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Virus threat and Indian cotton export targets

The outbreak of coronavirus, which spread from China to over a dozen countries, is likely to pose a major threat to the overall apparel supply chain. However, the Cotton Association of India (CAI), the apex trade body, said that it will not create any threat to India’s cotton exports as India’s rates are competitive in the international market and the exports can be diverted from China to other markets.

The apex trade body said there are no specific concerns. “On the export front, we are doing good and there is no concern over China virus scare. Exports are going on smoothly and we have so far exported about 600,000 bales (each of 170 kg) to China. Total exports stand at about 22 lakh bales, which means we will be able to achieve our export target very comfortably,” said Atul Ganatra, President, CAI, told BusinessLine.

The CAI in its latest estimate has projected exports for the season (October 2019 to September 2020) at 42 lakh bales. One of India’s largest cotton exporters, Kotak Commodities, has indicated that even if China remains a concern area, there would not be much impact on India’s cotton exports.

Vinay Kotak, Director, Kotak Commodities, said, “There is some concern on the China virus. But if this virus problem is resolved within 10-15 days, then there will be no issue. However, even if the China concerns remain, we may be able to achieve our export targets. Currently, Indian cotton is cheapest in the world so we may be able to gain some extra share in our other existing markets.”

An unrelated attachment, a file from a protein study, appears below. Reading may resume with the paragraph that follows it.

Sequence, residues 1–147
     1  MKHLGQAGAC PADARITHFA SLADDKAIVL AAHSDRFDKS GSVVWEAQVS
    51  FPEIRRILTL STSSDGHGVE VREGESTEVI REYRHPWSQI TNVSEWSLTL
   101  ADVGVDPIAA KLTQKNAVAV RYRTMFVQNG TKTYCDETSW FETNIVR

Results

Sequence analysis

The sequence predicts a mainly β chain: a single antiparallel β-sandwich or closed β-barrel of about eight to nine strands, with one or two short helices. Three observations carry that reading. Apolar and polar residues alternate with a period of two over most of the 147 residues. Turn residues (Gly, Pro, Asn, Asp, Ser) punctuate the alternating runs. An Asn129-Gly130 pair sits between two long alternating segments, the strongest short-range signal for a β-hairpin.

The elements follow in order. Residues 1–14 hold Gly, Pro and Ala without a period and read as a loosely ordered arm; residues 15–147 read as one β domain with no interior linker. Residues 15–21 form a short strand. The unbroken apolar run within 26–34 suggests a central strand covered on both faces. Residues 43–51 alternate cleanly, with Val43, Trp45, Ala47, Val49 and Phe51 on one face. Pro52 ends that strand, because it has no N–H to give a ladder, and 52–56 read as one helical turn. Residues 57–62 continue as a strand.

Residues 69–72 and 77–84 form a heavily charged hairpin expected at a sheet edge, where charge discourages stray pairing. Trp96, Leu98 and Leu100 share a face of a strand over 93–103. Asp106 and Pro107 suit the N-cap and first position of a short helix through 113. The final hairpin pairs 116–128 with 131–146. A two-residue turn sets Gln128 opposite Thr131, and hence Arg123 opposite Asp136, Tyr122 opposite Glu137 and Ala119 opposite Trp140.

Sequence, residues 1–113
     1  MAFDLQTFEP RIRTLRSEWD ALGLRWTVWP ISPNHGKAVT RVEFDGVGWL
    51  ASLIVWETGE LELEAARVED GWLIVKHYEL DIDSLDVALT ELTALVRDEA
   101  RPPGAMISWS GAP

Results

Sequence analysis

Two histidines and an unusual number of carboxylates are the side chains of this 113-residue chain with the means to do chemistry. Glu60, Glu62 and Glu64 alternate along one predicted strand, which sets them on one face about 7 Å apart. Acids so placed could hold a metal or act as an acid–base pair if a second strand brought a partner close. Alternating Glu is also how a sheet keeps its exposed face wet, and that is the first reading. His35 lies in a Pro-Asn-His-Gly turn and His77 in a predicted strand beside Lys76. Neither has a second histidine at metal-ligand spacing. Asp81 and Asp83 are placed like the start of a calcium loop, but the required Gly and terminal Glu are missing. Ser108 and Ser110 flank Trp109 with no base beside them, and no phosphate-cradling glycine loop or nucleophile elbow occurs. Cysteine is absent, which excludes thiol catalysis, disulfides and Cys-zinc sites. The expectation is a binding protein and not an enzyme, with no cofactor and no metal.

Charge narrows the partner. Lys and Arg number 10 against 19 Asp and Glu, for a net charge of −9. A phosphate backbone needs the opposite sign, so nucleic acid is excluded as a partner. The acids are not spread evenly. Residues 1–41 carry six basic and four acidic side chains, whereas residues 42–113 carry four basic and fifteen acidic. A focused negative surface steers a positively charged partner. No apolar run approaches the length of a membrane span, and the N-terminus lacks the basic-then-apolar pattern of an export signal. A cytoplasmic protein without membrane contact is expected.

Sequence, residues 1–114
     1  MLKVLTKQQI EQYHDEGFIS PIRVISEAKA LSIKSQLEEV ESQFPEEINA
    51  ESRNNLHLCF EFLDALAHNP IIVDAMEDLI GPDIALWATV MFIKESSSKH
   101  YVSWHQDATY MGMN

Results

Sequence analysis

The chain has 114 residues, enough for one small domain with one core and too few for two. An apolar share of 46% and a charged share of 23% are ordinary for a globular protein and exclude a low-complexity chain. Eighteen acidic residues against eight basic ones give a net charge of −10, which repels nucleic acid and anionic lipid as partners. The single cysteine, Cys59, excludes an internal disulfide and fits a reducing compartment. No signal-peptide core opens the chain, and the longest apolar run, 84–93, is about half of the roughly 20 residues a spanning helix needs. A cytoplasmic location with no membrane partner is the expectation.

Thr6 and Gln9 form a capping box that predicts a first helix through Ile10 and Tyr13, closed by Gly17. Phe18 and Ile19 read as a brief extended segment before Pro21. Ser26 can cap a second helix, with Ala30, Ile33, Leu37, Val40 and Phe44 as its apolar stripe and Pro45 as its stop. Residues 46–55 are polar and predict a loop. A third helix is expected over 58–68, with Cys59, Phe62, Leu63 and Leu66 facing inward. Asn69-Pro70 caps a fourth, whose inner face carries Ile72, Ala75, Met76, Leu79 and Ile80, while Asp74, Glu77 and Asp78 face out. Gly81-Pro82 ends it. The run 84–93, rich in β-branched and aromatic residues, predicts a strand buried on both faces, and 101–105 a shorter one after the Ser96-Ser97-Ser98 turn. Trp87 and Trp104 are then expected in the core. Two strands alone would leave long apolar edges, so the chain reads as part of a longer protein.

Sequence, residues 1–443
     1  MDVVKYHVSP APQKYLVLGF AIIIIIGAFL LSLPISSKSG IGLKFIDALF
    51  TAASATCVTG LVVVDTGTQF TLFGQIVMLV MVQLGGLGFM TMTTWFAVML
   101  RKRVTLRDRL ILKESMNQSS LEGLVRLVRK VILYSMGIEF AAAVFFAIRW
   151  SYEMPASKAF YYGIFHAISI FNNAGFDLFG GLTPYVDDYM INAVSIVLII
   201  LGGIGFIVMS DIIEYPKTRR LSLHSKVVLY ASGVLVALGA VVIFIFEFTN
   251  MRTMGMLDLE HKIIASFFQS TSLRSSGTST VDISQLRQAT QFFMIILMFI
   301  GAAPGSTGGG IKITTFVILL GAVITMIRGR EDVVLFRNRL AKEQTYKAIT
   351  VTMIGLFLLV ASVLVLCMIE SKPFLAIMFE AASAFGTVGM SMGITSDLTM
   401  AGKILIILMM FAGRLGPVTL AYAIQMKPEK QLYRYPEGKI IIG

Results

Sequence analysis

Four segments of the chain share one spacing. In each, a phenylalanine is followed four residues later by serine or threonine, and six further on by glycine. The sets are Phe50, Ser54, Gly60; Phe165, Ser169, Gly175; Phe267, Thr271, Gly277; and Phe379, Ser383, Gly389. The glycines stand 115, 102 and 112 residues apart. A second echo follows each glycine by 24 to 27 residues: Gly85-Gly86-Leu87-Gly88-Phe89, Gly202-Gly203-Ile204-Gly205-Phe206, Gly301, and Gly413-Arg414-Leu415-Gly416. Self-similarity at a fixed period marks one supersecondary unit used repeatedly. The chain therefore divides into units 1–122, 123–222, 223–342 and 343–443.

The existing markets include Bangladesh, Vietnam, Indonesia and Taiwan.

The cotton rates in India is currently hovering at around ₹39,500-40,000 per candy (each of 356 kg of ginned cotton), whereas the international rates are quoting around ₹46,000, which clearly indicates an advantage for Indian cotton in the global markets.

“Our rates are cheapest in the world and we believe that the bottom rate appears to be at ₹39,000,” said Ganatra, hinting that India’s cotton will have no difficulty finding a market elsewhere.

“The Indian prices are tagged with ICE Futures rates (New York market). So, if the ICE futures go down, there will be some impact on Indian prices but that doesn’t seem to be happening any time in the near future,” Kotak added.

Meanwhile, looking at the India’s cheaper rates and the projected cotton output of 354.5 lakh bales for the season, the government cotton body, Cotton Corporation of India (CCI) has conducted procurement of the fibre crop from farmers at the minimum support price (MSP) rates, which is ₹5,550 per quintal.

The CCI has already bought about 45-50 percent of the overall arrivals across the markets in India. As per trade data, so far about 180 lakh bales have arrived in the markets as of January-end, and the CCI purchased about 48 lakh bales so far. This means farmers are still holding about 50 per cent of the crop.

“Considering the current price trend and the stocks available with the farmers, CI purchases may touch about 80 to 90 lakh bales easily during the current season,” Ganatra said.

However, raw cotton prices have remained under pressure as the arrivals peak. The prices at cotton markets across the country were quoted in the range of ₹4,800-5,200 per quintal, which is much below the MSP.

However, the demand outlook remains strong and trade sources do not see prices to have bottomed out.

“There is a revival in the domestic market. So we are not totally dependent on the international market,” Kotak added.

If anyone has any feedback or input regarding the published news, please contact: info@textiletoday.com.bd

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